Contestant Oliver Gangi of Burnham gets some advice on how to use the call from Levi Hoger, center, and Jim Wescott before using it himself Saturday during a turkey calling contest featured in the 42nd annual State of Maine Sportsman’s Show at the Augusta Civic Center. Joe Phelan/Kennebec Journal

AUGUSTA — Laurelai Winslow may only be 14 years old, but she has been hunting for at least 10 of those years.

“They’re very fun to watch,” said Winslow, who said she has bagged more than 20 turkeys hunting with her family.

When she isn’t out hunting, Winslow practices her calls at home. That practice paid off Saturday, when Winslow won the youth turkey calling competition at the 42nd annual State of Maine Sportsman’s Show.

The show, organized by The Maine Sportsman magazine and the Sportsman’s Alliance of Maine, kicked off Friday at the Augusta Civic Center and continues through Sunday.

With more than 100 vendors and dozens of activities and seminars, the show offers something for outdoor enthusiasts of all ages. Organizers expect thousands to attend over the weekend.

The turkey calling competition used to be a larger part of the show, but had lost some interest over the years, said Wayne O’Brien, an award-winning turkey caller who served as one of the judges. This year, show organizers tried to make the event to what it once was.


Jake division winner Ellie Dorr of Jay, left, gets some advice from Jim Wescott as judges listen from behind a curtain during a turkey calling contest Saturday during the 42nd annual State of Maine Sportsman’s Show at the Augusta Civic Center. Joe Phelan/Kennebec Journal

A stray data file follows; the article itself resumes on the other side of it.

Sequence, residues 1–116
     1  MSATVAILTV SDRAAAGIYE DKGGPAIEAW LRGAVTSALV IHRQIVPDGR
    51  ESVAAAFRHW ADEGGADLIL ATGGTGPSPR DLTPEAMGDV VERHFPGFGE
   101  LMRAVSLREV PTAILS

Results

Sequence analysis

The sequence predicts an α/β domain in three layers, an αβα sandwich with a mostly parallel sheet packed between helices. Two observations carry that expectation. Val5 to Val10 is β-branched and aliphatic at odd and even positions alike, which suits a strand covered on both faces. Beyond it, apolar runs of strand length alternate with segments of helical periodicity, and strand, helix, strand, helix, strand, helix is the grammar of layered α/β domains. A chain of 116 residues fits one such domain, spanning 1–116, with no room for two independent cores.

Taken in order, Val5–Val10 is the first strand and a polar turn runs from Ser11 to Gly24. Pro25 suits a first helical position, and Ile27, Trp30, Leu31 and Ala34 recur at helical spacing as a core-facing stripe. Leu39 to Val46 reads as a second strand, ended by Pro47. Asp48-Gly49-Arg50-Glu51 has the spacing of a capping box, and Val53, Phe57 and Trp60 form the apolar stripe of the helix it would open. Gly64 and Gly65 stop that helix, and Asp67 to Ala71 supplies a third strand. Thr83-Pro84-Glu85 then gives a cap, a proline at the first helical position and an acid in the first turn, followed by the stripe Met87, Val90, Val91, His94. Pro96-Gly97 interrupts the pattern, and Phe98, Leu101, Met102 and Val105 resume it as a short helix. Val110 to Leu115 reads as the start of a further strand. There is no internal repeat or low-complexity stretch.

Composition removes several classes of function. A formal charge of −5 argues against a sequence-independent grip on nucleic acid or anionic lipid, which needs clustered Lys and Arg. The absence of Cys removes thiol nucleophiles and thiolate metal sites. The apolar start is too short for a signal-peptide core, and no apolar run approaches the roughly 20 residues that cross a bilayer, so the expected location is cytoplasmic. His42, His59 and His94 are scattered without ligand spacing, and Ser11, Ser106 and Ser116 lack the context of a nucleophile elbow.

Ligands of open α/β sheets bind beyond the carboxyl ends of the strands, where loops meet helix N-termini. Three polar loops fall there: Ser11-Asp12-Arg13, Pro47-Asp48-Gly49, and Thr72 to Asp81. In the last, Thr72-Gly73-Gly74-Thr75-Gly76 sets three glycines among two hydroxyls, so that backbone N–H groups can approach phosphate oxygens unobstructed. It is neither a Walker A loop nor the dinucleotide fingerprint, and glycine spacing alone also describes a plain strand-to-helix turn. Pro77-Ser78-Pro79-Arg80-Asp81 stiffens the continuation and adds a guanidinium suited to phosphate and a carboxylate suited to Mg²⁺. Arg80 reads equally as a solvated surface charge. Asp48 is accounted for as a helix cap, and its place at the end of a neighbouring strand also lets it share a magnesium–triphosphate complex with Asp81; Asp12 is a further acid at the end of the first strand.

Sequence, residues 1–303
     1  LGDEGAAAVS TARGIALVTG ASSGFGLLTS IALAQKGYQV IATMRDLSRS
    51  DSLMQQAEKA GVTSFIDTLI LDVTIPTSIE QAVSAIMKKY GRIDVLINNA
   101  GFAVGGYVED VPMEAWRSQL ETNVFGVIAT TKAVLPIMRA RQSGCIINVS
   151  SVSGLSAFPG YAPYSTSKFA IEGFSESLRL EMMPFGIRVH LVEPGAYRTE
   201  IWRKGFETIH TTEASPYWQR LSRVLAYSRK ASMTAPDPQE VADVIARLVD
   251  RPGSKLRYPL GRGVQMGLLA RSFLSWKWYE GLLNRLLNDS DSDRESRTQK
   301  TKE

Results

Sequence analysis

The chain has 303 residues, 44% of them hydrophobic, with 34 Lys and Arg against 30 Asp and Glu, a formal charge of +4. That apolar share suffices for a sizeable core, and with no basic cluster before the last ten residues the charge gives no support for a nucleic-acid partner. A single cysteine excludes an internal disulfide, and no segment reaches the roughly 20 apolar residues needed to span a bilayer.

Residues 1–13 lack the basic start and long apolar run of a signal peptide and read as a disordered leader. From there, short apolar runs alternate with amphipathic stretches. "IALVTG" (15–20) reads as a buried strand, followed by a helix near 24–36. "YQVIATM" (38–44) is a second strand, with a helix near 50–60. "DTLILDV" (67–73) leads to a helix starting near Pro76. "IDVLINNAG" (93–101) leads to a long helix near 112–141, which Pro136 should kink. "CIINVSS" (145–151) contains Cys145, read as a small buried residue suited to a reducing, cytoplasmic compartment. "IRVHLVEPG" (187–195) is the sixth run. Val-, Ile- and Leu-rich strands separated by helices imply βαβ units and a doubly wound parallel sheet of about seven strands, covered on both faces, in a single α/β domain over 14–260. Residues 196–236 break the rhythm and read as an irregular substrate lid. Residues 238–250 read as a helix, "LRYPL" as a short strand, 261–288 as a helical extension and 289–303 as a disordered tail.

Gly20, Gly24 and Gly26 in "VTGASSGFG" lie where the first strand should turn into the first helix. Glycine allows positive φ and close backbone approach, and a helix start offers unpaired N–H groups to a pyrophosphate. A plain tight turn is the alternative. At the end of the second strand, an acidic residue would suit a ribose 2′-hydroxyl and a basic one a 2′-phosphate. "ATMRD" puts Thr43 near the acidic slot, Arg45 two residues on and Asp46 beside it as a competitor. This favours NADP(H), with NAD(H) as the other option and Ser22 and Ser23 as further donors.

“The whole idea of turkey hunting is turkey calling,” O’Brien said.

A total of nine kids participated in the competition in two divisions. Those under 10 were dubbed the Jakes, and those ages 11 to 16, the Gobblers. The term Jake refers to juvenile male turkeys, while adults are referred to as gobblers.

Each contestant did five calls: a mating yelp, a cluck and purr, a fly down cackle, a cutting call, and a caller’s choice, which could be any animal.

A panel of three judges, seated behind a curtain, awarded each contestant points for each call based on a scoresheet from the National Wild Turkey Federation, though the competition was not officially sanctioned.

At stake? Hats, calls, and other items donated by the sporting goods store Cabela’s, which sponsored the event.

Most of the callers used manufactured calls made of wood, slate and other materials. Jim Wescott, a registered Maine guide and an experienced turkey hunter and caller, helped the competitors who didn’t know how to do certain calls. Most caught on quickly.


Winslow, the 14-year-old from Damariscotta who won the Gobbler division, did some calls vocally and some with a so-called slate call that her father said was custom-made in Indiana.

“I thought the calling was fantastic,” said O’Brien of Windham to the competitors after prizes were awarded. “I’ve been doing this a long time, and this was some of the best calling.”

Oakley Dorr of Jay, who finished second in the Jake Division on Saturday, gets some guidance from Jim Wescott on how to use the box call during a turkey calling contest during the 42nd annual State of Maine Sportsman’s Show at the Augusta Civic Center. Joe Phelan/Kennebec Journal

O’Brien, whose son Ronnie O’Brien was also a judge Saturday, said that a sportsman’s responsibility is to pass down knowledge to the next generation.

Turkey calling is the most ethical and safest way of turkey hunting, O’Brien said. But with a historically large turkey population and more people interested in turkey hunting, some have turned to other techniques.

That’s why competitions like the one Saturday are important, O’Brien said.

“It’s really a way of life,” O’Brien said. “It’s not a hobby.”

The sportsman’s show continues Sunday at the Augusta Civic Center from 9 a.m. to 4 p.m. Scheduled activities include a firearms auction, dog training demos and a game camera contest. Find more information at

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